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Junebug (2005)
Filmmaker(s): Phil Morrison

On the way to meet with an independent artist in the South, newlywed art dealer Madeleine is convinced by her husband, George, that they should stop to meet his family in North Carolina. Madeleine's affluent lifestyle clashes with the family, but she befriends George's wide-eyed and pregnant sister-in-law, Ashley, who is nearing her due date. Through the family, Madeleine gains greater insight into George's character.

Junebug (2005)


This is ostensibly a movie in the old, Cassavetes tradition. I’m not a fan of Cassavetes, because he wasn’t very good at being himself. But what he indicated was a certain honesty, a sure translucency of character, beings so open that we inhabit them instead of watching actors do so.

And that’s what this project presents itself as. Oh, there’s the old homecoming of the life partner to a strange and hostile family, that outside shape. But from the first scenes, the very first ones, we know this will be different. It suggests quirkiness in those first scenes, but their intent is only to force us to reset expectations.

And so we have the thing most people will see: two women in various stages of spiritual delinquency, of not knowing. One seems centred, the other almost (but not quite) comically uncentered. But there’s no mistake, this is about two bodies who don’t know their place in the solar system. So they revolve around two brothers, husbands.

Its territory that’s halfway between Sayles and Garcia, I suppose, but so raw and honest, it puts them to shame. Between these two actresses, and the opportunities the others provide, there’s lots of emotional value in this. Lots. I don’t usually recommend films that rely on this — and there are other attractive qualities I’ll mention in a minute.

But if you want a simple adventure into dangerous female territory, this is recommended.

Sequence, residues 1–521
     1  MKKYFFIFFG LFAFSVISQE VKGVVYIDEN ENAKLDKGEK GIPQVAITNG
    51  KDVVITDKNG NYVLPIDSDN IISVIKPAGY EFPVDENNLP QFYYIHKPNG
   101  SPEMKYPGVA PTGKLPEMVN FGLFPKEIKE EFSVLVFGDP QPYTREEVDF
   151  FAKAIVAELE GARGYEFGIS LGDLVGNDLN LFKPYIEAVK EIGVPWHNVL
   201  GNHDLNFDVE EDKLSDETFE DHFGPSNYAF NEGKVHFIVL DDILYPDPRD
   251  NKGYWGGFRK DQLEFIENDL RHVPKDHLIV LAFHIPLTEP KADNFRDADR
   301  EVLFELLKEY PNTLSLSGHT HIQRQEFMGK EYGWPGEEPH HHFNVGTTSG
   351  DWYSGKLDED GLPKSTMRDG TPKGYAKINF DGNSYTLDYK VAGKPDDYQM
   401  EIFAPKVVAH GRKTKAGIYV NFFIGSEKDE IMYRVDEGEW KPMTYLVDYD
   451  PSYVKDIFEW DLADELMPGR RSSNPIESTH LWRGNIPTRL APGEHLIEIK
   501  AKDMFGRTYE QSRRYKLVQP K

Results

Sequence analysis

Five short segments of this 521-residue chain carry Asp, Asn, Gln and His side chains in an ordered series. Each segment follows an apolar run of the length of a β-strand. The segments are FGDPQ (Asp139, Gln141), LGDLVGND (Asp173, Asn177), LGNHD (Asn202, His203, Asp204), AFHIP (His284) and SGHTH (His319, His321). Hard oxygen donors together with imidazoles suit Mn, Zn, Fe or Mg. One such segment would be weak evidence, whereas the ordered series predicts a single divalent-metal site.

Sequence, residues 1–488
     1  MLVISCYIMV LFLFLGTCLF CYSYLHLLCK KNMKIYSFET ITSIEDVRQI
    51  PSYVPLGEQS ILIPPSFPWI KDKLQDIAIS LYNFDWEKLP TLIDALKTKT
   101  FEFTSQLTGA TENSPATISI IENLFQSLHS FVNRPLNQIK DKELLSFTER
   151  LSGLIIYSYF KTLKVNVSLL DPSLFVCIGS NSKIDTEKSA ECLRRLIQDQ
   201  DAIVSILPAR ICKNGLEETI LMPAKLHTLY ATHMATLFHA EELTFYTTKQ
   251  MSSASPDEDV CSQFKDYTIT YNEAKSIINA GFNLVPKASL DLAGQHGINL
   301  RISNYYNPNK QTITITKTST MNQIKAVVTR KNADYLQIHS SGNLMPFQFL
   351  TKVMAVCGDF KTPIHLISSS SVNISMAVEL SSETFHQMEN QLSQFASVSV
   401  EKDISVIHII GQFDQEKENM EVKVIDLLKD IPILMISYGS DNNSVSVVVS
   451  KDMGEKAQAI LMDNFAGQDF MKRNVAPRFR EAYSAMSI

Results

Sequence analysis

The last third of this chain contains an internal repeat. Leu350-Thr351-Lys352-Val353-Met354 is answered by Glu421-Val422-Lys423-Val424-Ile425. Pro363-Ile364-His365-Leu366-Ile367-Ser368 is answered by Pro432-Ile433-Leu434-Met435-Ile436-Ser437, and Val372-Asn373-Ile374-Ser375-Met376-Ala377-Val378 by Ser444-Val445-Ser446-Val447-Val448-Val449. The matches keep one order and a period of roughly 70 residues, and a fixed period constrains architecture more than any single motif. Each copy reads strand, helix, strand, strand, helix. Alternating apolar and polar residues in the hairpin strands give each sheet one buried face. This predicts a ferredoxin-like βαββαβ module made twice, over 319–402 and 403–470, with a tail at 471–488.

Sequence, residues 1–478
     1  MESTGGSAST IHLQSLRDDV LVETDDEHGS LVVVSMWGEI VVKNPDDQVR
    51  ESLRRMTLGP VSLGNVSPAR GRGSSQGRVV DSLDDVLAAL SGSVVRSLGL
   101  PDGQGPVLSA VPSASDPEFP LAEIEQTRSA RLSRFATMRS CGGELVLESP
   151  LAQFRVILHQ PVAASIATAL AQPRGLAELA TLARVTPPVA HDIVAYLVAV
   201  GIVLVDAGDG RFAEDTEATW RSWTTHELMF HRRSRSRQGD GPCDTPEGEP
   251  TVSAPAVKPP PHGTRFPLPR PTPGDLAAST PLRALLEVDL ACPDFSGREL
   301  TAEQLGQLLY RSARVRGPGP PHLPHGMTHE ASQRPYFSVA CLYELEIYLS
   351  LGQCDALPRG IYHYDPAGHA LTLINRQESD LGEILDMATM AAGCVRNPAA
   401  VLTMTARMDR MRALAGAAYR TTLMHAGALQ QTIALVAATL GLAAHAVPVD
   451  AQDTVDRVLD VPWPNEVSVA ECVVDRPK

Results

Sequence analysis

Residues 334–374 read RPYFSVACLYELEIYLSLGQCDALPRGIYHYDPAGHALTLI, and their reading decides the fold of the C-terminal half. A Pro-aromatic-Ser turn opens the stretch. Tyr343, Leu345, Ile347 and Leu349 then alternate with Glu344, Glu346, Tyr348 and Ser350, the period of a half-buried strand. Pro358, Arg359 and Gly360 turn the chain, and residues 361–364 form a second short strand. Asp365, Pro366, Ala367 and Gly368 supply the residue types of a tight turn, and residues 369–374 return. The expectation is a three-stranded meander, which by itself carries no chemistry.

There are two things that by themselves are engaging enough too. The first is the use of space. It is not unique, what he does. But it is rare, so very rare. And instead of sprinkled throughout, he bases the entire context on the notion of empty space that is sometimes populated with humans and their woes, only to soon again become empty. It is powerful, and used powerfully here.

The other interesting construction has to do with a special interest of mine: folding. One sort of folding has the effect of having a story within the movie such that the relationship of a character in the movie to that situation is the same as we are intended to have with the movie. Its a sophisticated device, commonly used by people who don’t understand it because it works.

So when you see someone who manages it so deftly and consciously, its worth admiration, a metaadventure.

This movie is wrapped around northern logic and poise meets the damaged, inadequate people of the south. It is a blunt stereotype that is acknowledged and then honestly exploited without humour or irony. One of our women, the one from the north, meets and admires an artist who is exactly as strange compared to the North Carolina world of the story as that world is meant to be from ours.

He paints pictures of battles and loss. Civil war. Blacks and whites, often the blacks with white faces. Swords and guns and also giant phalluses as swords and guns. Sad Angels, loss and the impossibility of being found.

Our designated lost ship is redheaded as required in deeply folded cinema. Don’t ask me why.

That’s three reasons to recommend this. I would rank it now as one of the two films of 2005 you must see. But I haven’t viewed “Cache” or “ History of Violence“ yet.

Posted in 2006

Ted’s Evaluation — 3 of 3: Worth watching.


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  • MJ
    Posted at 08:10h, 10 December Reply

    Funny, it’s the one that should’ve been called ‘anatomy of hell’.

    Dear Ted,
    If this comment seems like an attack, it might be because I’m angry with You for recommending this. Is there a key to how You pick reviews to revive on this site? Some sense of importance I imagine.